How were the shots fired?
Brown was shot at least six times, including twice in the head, according to a private autopsy performed at the request of his family.
One of the bullets struck the top of Brown's skull, suggesting that his head was bent forward at the time of impact. But Dr. Michael M. Baden, the former chief medical examiner for New York City who performed the autopsy, doesn't know why that is. "It can be because he's giving up, or because he's charging forward at the officer," he told The New York Times.
Baden recovered only three bullets from Brown's body. The location of the others is not known.
The distance between Brown and Wilson when the shots were fired is also unknown. The autopsy found no gunpowder on Brown's body, which suggests he was hit from a distance greater than 3 feet. But Baden didn't have access to the clothes Brown was wearing that day. If gunshot residue was found on Brown's clothes, that would mean he was shot at close range.
Testing Wilson's car for gunpowder could also reveal whether the officer fired a shot from inside his vehicle.
One thing about the forensics of Brown's death is clear. The recent high-school graduate, Baden said, would not have survived the shooting even if he had received medical care right away.
Why did Brown's body remain on the street for hours after his death?
The body remained in the middle of Canfield Drive for more than four hours after the shooting, according to The Washington Post. An officer placed a sheet over it, and cones and barricades were set up in the street. People gathered at the scene, some wondering aloud why police had not yet removed the body.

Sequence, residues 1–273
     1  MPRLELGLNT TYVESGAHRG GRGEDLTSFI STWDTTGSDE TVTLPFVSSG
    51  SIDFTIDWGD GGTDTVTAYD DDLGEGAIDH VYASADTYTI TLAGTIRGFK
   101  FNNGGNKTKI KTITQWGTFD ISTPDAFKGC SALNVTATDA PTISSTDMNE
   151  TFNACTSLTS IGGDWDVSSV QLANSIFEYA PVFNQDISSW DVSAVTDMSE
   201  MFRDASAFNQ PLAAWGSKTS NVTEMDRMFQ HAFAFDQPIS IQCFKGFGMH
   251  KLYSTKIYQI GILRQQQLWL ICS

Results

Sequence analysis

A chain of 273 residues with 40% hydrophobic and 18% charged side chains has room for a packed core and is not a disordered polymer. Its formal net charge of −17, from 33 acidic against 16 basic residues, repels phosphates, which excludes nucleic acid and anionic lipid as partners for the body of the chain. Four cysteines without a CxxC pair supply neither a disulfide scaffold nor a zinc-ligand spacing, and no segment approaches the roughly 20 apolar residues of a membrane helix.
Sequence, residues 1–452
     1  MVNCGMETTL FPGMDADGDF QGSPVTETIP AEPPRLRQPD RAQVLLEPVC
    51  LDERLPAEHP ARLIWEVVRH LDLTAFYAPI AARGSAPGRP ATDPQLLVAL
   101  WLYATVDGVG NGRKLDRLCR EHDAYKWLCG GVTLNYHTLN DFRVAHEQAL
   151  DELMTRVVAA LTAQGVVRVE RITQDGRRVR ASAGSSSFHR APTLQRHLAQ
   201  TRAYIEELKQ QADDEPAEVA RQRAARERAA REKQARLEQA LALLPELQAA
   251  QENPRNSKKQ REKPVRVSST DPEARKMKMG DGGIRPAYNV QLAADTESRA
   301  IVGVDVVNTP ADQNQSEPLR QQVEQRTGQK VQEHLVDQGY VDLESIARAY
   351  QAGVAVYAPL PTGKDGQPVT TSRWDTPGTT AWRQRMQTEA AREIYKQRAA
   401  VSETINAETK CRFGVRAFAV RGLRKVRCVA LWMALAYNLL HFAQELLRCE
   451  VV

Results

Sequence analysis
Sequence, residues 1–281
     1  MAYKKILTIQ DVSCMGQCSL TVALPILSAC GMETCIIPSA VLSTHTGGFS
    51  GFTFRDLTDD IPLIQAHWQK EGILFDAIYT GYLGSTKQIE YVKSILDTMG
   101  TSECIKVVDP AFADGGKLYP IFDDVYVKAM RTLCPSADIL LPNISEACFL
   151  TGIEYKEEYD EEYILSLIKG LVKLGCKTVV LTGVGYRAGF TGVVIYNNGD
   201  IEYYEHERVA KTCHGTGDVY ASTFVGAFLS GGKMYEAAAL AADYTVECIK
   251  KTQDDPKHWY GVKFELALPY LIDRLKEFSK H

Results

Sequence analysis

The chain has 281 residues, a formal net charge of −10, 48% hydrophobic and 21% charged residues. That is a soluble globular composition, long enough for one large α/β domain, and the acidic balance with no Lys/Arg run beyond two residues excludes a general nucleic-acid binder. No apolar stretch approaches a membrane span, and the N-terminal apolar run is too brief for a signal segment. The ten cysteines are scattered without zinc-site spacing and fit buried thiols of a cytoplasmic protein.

The body was eventually loaded into a police SUV, rather than an ambulance.
Jackson told The Post he was "uncomfortable" with the length of time Brown's body remained on the ground. An assessment of the crime scene was delayed, he said, by the sound of several gunshots around 2 p.m., two hours after Brown was shot. The source of the gunshots was never determined.
Did Wilson know about the robbery?
Ferguson police say that Brown was the primary suspect in a strong-arm robbery of a convenience store shortly before the shooting. But when the police department released police reports and store surveillance footage of the robbery, its chief, Tom Jackson, said the incident and the shooting were not related. Wilson had been alerted that a robbery had occurred in town, police suggested, but Wilson did not know Brown was a suspect when the officer encountered him, The New York Times reports.
However, Jackson later told the St. Louis Post-Dispatch that Wilson realized Brown could be the suspect of the robbery when the officer saw the cigars that were reported stolen in Brown's hand.
So did Wilson know about the robbery or not? And how would that knowledge, or lack thereof, influence Wilson's perception of Brown, or contribute to the shooting?
Wilson left his home in suburban Crestwood, Mo., after the shooting, and his whereabouts are unknown.